- By José R. CárdenasJose R. Cardenas was acting assistant administrator for Latin America at the U.S. Agency for International Development in the George W. Bush administration.
Even as the civilized world wrestles with the question of how to confront a nuclear-bent Iran while avoiding a backlash against international oil prices, President Obama has just caved on a crucial decision that would have improved immeasurably the United States position in global energy markets, not to mention created thousands of jobs at home and improved U.S. energy security decades into the future.
The president’s decision today to reject a Canadian company’s application for a permit to build the Keystone-XL oil pipeline across the U.S.-Canada border once again represents a capitulation to a narrow public interest group — the Green Lobby — at the expense of the national welfare.
The split-the-baby decision that the Canadian company, TransCanada, can reapply for the permit after it has conducted yet another study of an alternative route (the process has been going on for three years) does not arrest the gravity of this misguided decision.
U.S. dithering has already cost TransCanada millions and China continues to lobby the Canadians hard for access to the same oil deposits that would be coming to the United States. (In a bitter irony, shipping Canadian oil to China would prove even more environmentally harmful than sending the oil across the U.S. border.)
According to the plan, the 36-inch pipeline would carry oil derived from sands in Alberta to refineries in the U.S. Gulf Coast, as much as 800,000 barrels of oil a day, doubling the capacity of an existing pipeline operated by the same Canadian company in the upper Midwest. The project would also create about 20,000 construction and manufacturing jobs that will mean about $6.5 billion to American workers.
With their anti-pipeline activism, the Green Lobby continues trying to force upon the American people a day that hasn’t arrived yet: when renewable energy sources can effectively (read: profitably) compete against fossil fuels as the primary energy source that drives the U.S. economy. Not only is it the height of folly to believe that the American people can be coerced into using unprofitable technologies to warm and cool their homes or travel for work and leisure, it would effectively the mean the economic suicide of America.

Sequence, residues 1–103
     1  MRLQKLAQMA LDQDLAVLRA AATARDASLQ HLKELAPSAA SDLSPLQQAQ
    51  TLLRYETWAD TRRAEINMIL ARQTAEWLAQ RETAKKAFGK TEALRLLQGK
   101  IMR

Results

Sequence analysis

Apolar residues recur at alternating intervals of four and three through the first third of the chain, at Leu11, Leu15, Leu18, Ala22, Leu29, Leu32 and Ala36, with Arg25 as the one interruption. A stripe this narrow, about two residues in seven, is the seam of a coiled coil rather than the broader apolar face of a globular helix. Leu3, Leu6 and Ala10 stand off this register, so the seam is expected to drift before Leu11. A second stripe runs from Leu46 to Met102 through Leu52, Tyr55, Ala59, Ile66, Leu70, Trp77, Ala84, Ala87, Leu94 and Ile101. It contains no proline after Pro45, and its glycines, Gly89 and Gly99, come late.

No matter how much wishes for something different, fossil fuels are here to stay for the foreseeable future. And in our complicated world, where U.S. prosperity is impacted by wars, revolutions, and natural and man-made disasters that continuously roil global oil prices — and where arbitrary and capricious governments control a significant amount of known reserves — having dependable, friendly, and nearby suppliers is of incalculable benefit to the United States and a national security imperative.
The Green Lobby may be celebrating the president’s decision, but tomorrow morning the American people will still need to import 10 million barrels of oil a day to keep the lights on — and that means continuing to import oil from unfriendly and repressive regimes that use our money against us or whose conspicuous corruption fosters anti-American sentiment amongst their populations.
Common sense simply screams out that as a matter of national policy, wherever possible, we further integrate our energy and investment flows with countries that share our values and global outlook. With his decision today, the president failed to achieve that basic standard — and he will undoubtedly have to answer for it all the way to November.
Josh Rogin covers national security and foreign policy and writes the daily Web column The Cable. His column appears bi-weekly in the print edition of The Washington Post. He can be reached for comments or tips at email@example.com.
Previously, Josh covered defense and foreign policy as a staff writer for Congressional Quarterly, writing extensively on Iraq, Afghanistan, Guantánamo Bay, U.S.-Asia relations, defense budgeting and appropriations, and the defense lobbying and contracting industries. Prior to that, he covered military modernization, cyber warfare, space, and missile defense for Federal Computer Week Magazine. He has also served as Pentagon Staff Reporter for the Asahi Shimbun, Japan's leading daily newspaper, in its Washington, D.C., bureau, where he reported on U.S.-Japan relations, Chinese military modernization, the North Korean nuclear crisis, and more.
A graduate of George Washington University's Elliott School of International Affairs, Josh lived in Yokohama, Japan, and studied at Tokyo's Sophia University. He speaks conversational Japanese and has reported from the region. He has also worked at the House International Relations Committee, the Embassy of Japan, and the Brookings Institution.
Josh's reporting has been featured on CNN, MSNBC, C-Span, CBS, ABC, NPR, WTOP, and several other outlets. He was a 2008-2009 National Press Foundation's Paul Miller Washington Reporting Fellow, 2009 military reporting fellow with the Knight Center for Specialized Journalism and the 2011 recipient of the InterAction Award for Excellence in International Reporting. He hails from Philadelphia and lives in Washington, D.C.| The Cable |